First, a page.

I’m 63 today, and it may sound strange, but I never expected to live this long. That’s probably because I remember how old my grandparents seemed in their sixties. My Grandpa Carter died a few months after his retirement at age 65. But if you understand the history and statistics behind this issue, you will see where I’m coming from.
In my research for my book Find Your Reason To Be Here I wrote:
What else is unique about the boomer generation?
In the past one hundred years, we have witnessed the greatest increase in life expectancy and longevity in human history. In 1935, when Social Security became a government program and established the retirement age at 65, the life expectancy for American men was 60 and for women, 64. Those born in the early twentieth century were not expected to live past age 65, and most didn’t. Life expectancy in the United States increased a full 20 years between 1930 and 2010. The average American today who lives to be age 65 is expected to survive well past 80.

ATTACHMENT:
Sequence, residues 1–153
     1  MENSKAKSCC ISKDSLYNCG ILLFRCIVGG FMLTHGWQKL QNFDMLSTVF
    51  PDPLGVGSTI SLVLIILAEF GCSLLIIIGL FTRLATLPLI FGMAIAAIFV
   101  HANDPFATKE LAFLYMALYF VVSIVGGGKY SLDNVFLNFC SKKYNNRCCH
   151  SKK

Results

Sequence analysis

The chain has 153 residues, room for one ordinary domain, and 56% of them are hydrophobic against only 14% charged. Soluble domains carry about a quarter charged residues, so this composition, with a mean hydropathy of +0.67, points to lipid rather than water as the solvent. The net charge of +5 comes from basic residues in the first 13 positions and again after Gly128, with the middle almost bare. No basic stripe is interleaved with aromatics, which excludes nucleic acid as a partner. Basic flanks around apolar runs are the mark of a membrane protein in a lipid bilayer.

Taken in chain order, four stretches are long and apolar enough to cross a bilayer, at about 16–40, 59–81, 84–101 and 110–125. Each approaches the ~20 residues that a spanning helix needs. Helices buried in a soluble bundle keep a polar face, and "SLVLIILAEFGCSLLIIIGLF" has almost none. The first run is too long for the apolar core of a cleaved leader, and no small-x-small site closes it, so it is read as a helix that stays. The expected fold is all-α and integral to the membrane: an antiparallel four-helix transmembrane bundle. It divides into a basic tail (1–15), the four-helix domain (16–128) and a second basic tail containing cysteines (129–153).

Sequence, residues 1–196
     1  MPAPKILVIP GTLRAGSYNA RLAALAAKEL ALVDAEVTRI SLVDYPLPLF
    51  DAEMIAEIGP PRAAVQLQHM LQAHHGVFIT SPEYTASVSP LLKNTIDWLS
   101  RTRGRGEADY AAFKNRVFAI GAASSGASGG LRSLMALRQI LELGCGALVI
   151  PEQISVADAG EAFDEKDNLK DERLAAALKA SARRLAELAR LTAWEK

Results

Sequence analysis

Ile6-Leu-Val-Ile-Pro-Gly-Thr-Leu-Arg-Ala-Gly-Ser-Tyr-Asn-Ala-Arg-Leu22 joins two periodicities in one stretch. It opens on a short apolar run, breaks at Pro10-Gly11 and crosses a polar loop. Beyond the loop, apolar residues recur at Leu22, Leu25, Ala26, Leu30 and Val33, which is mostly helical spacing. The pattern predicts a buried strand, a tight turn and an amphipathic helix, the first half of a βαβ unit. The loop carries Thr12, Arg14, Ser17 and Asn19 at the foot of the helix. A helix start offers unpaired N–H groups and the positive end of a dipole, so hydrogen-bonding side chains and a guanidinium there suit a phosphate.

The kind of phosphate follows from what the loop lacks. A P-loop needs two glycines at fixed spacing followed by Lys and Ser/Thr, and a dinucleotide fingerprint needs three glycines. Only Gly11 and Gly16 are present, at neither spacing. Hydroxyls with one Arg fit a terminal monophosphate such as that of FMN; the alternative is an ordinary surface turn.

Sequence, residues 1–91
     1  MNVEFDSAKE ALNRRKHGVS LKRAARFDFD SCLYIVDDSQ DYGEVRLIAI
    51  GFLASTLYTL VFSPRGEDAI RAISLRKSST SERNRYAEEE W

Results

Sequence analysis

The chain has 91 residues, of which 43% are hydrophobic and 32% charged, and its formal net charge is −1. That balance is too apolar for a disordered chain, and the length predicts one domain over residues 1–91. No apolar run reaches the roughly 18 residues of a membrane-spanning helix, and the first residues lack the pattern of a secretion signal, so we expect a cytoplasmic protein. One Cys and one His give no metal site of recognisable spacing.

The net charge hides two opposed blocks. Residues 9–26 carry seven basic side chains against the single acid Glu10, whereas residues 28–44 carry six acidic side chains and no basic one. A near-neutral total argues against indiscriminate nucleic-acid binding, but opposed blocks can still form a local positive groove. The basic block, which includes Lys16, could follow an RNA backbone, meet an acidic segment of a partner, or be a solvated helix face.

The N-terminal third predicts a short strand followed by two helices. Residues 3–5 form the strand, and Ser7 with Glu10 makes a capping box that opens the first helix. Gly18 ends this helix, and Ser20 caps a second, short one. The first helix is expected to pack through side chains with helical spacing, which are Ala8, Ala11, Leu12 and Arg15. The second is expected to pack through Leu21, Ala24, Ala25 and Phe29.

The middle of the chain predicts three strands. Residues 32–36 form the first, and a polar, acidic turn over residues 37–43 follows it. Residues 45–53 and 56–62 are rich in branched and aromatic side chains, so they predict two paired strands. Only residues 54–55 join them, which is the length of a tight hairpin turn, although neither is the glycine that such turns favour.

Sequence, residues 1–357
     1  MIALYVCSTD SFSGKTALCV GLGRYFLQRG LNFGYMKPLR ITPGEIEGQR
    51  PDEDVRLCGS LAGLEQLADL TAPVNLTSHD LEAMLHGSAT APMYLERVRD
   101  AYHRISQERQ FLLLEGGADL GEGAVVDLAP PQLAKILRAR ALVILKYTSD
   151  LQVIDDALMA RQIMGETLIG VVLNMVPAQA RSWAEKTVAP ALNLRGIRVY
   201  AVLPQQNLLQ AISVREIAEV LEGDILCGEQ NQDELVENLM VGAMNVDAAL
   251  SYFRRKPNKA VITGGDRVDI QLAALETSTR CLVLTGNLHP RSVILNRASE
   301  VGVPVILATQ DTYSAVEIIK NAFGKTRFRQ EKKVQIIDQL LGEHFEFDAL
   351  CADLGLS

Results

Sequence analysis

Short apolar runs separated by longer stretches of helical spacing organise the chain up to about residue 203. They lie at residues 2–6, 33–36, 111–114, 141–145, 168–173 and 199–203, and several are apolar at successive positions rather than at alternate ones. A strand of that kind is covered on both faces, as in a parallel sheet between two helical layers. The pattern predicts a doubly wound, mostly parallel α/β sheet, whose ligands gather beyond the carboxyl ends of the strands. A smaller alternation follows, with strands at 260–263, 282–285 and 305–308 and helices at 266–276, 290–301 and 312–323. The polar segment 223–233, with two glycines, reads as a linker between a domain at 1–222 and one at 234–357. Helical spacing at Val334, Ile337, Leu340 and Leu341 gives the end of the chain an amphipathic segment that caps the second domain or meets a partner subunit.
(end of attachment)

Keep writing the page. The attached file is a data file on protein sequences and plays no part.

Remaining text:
|U.S. Life Expectancy at Birth, 1930–2010|
|Birth Year||Both Sexes||Male||Female|
|(Source: National Center for Health Statistics, National Vital Statistics Reports, http://www.cdc.gov/nchs)|
It is difficult for most of us to fully comprehend how much the average life span has increased, even just in our own lifetime. It may help to recall how young our grandparents were when they died.
So here I am, wondering in amazement at my accomplishment. With ever improving health information, education and health care I shall go on until who knows when….
“Life after 50 or 60 is itself another country, as different as adolescence is from childhood, or as adulthood is from adolescence.” — Gloria Steinem